Crucially, Bowie had other interests. An eager reader, a compulsive self-educator, he Was exposed to an assortment of non-rock influences buzzing the city - Zen Buddhism, mime-training, acting, the Cockney vocal style of entertainer Anthony Newley, and the outsider song dramas of Jacques Brel and Pink Floyd's Syd Barrett. What's missing are traces of Beatles worship, their classicism a bullet to dodge when trying to maintain eccentricity of style, and the ubiquitous psychedelic rock album, Sgt. Pepper's Lonely Hearts Club Band, that even The Rolling Stones with Their Satanic Majesties Request couldn't avoid.
Bowie wrote his first masterpiece at the end of the 1960s. Space Oddity, of which Starman is a scaled-down version, is the song that removed him from other writers. With its ludicrously ambitious lyrical concept - an astronaut trapped in space farewelling his wife, gorgeous melodic sections underscoring every emotive turn of the story, to be sung with the power to make the fate of Major Tom believable - it marked Bowie as a great new singer-songwriter.
Material of similar scope and size followed: Changes, Life on Mars? and Rock 'n'Roll Suicide. Beneath the make-up and the pretty face was a musician who knew all the weirdest chords and how to wield them into startling constructions, his voice enabling him to navigate every note-bending curve. So the chorus of Starman was an easy leap, the verses soothing and seductive, If anything, the fabled characters of Bowie legend - Ziggy Stardust, the Thin White Duke, Halloween Jack - were a distraction, the one eye-rolling moment for fans as Bowie, at times lost or too indulgent of his various personas, did his "It's not me, it's Ziggy" bluff.
The joy of Bowie, though, was watching his development. It was a '70s preoccupation, like the career of Jane Fonda or the steps of the Cold War. The characters would thin out, the theatrics of his dress and shows simplify, and so, too, would his music. Having proven that he could master and expand conventional songwriting styles and convincingly create a soul and funk hybrid that he termed "plastic soul" for Young Americans (1975), Bowie shaved his melodies to brilliant new points for his late decade Berlin albums - Low, "Heroes" and Lodger.
Only a great artist can reduce to intensify, and this is what he did with the help of collaborator Brian Eno, another odd late-'60s presence who morphed into a Glam Rock peacock (via Roxy Music) to then become a central figure in the development of ambient and electronic music.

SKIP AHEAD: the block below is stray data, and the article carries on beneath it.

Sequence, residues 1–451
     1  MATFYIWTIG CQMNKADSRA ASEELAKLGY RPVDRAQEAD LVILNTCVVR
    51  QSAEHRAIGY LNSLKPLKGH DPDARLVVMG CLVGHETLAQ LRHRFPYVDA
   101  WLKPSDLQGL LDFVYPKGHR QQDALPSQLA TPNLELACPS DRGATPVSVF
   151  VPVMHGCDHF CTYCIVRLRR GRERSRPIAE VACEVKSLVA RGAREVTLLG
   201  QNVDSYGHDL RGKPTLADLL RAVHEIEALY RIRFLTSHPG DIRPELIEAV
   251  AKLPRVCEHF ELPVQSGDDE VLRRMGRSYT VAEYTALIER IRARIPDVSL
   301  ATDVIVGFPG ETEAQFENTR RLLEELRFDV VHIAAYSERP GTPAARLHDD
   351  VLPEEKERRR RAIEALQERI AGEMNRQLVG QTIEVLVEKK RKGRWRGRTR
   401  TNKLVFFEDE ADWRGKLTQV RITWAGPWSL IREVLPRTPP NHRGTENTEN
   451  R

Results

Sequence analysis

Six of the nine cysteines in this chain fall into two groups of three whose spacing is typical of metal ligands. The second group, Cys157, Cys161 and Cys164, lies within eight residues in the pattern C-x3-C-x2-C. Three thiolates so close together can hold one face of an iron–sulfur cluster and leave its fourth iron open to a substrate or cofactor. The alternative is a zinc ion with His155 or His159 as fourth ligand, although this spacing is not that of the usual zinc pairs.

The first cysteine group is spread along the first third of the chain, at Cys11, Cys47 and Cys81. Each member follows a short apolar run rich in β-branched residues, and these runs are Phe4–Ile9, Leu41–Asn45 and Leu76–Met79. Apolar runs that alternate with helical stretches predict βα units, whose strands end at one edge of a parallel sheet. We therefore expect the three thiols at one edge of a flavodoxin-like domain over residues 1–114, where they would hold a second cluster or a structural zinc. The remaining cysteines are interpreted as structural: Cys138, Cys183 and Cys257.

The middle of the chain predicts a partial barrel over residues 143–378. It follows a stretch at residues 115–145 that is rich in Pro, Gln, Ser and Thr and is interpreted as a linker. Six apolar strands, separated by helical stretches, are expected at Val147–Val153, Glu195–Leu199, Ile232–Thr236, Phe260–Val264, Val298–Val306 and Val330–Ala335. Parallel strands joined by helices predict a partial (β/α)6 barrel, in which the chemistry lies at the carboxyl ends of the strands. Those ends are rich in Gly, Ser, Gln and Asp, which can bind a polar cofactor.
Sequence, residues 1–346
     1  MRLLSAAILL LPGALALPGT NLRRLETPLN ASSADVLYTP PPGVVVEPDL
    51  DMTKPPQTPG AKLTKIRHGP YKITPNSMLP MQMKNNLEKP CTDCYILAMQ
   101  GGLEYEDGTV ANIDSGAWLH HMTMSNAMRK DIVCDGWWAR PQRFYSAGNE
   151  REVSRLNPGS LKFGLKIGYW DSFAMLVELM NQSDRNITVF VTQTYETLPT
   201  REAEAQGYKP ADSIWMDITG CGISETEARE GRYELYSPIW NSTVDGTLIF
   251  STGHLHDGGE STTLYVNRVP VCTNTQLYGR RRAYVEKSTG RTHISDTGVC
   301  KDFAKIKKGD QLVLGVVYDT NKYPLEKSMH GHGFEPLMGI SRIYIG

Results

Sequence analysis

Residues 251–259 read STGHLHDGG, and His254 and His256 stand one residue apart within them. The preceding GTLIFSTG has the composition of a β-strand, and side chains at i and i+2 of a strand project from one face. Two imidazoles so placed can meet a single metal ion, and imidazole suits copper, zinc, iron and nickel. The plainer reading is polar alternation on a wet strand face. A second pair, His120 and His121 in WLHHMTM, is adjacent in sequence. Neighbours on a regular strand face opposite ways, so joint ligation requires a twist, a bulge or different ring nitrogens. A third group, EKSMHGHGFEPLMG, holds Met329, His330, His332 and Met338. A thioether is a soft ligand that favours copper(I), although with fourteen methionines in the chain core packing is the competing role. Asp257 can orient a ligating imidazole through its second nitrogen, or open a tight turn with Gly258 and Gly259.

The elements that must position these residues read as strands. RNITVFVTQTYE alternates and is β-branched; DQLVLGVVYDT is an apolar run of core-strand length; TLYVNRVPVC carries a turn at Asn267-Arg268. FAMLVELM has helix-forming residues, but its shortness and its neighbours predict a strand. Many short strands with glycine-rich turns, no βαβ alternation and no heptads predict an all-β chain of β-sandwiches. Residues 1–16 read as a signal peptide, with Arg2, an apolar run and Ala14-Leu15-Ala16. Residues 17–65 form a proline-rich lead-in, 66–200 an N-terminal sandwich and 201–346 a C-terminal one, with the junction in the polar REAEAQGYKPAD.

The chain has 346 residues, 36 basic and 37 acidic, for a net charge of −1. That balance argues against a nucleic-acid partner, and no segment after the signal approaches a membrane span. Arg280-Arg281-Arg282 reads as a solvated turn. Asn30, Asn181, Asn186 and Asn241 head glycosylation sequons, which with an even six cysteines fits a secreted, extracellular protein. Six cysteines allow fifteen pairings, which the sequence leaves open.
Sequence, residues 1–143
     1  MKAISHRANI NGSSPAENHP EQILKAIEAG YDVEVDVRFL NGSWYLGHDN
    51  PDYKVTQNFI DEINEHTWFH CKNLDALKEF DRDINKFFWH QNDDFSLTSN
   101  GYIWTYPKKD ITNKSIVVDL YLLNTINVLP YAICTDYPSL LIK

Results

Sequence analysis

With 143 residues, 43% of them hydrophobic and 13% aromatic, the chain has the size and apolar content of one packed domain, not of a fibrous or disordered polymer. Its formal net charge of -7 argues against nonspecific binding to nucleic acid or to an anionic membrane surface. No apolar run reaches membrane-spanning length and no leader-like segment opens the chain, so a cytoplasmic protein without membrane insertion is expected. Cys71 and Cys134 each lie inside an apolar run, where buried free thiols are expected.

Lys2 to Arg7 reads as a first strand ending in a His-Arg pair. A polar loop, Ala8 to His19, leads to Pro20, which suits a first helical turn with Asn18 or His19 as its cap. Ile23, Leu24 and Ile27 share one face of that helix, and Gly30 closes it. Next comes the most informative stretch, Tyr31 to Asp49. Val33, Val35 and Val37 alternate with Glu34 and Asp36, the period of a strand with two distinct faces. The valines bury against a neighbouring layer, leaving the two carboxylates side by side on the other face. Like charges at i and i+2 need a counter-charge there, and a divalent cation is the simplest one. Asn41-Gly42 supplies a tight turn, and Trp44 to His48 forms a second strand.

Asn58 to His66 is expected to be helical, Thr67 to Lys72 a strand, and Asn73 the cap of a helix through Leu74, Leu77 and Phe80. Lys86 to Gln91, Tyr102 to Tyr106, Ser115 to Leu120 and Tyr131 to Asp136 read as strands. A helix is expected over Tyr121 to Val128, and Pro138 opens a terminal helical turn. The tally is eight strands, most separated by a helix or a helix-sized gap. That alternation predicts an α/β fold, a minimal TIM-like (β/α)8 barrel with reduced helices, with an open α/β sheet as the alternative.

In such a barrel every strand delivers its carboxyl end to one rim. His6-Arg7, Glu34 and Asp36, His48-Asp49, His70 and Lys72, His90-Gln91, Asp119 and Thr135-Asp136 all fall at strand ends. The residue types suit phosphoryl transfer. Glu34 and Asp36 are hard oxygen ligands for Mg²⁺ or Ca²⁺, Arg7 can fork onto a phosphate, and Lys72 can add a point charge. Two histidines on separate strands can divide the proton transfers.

These albums, known as the Berlin Trilogy, have as a defining characteristic their soundscape, especially the crashing, high-in the-mix drums - a revelation at the time. Bowie, as ever, had the songs to fit new conditions. They are shorter, flatter in melodic range, and lyrically a spit compared with the flood of words needed on his previous records.
All these twists and turns and stellar songwriting would have meant little, and perhaps not even exist beyond 1973, say, without one thing: hit singles. That's what converted me on my sick bed, and Bowie was miraculously able to produce them at every bend of his career until the mid '80s - not only to introduce each new musical phase, but importantly to draw attention to them.
Rebel Rebel, Fame, Golden Years, Sound And Vision, "Heroes", Boys Keep Swinging, Ashes To Ashes, Fashion and Let's Dance were brilliant songs heralding new albums, and stopped ' Bowie from becoming what he so easily could ' have been - a cult artist with a few albums, now fetching high prices, to his name.
For Bowie it's art and commerce, smash hits and Egon Schiele. In any summation of him, this can't be forgotten. It gives depth to his work. Hit songs are a discipline unto themselves, and they enabled his more than fifty-year career.
The trick was deftly deployed-one more time in 2013 when The Next Day, his first album in ten years, was lead by the exquisite Where Are We Now? - Bowie descending from the heavens to remind us that, when it comes to evoking trembling feelings of time, alienation and redemption in song, he is without peer.
Robert Forster is a singer-songwriter and co-founder of The Go-Betweens. His latest album, Songs To Play, will be released on September 18.